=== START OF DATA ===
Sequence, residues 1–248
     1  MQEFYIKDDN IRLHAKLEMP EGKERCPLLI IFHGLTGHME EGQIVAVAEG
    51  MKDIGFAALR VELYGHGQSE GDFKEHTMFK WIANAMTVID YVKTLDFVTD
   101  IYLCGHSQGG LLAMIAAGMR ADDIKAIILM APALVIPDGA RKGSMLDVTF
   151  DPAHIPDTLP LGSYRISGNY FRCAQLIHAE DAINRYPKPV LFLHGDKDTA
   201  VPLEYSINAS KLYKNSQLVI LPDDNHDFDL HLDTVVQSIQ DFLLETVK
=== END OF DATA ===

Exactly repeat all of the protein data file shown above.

Sequence, residues 1–248
     1  MQEFYIKDDN IRLHAKLEMP EGKERCPLLI IFHGLTGHME EGQIVAVAEG
    51  MKDIGFAALR VELYGHGQSE GDFKEHTMFK WIANAMTVID YVKTLDFVTD
   101  IYLCGHSQGG LLAMIAAGMR ADDIKAIILM APALVIPDGA RKGSMLDVTF
   151  DPAHIPDTLP LGSYRISGNY FRCAQLIHAE DAINRYPKPV LFLHGDKDTA
   201  VPLEYSINAS KLYKNSQLVI LPDDNHDFDL HLDTVVQSIQ DFLLETVK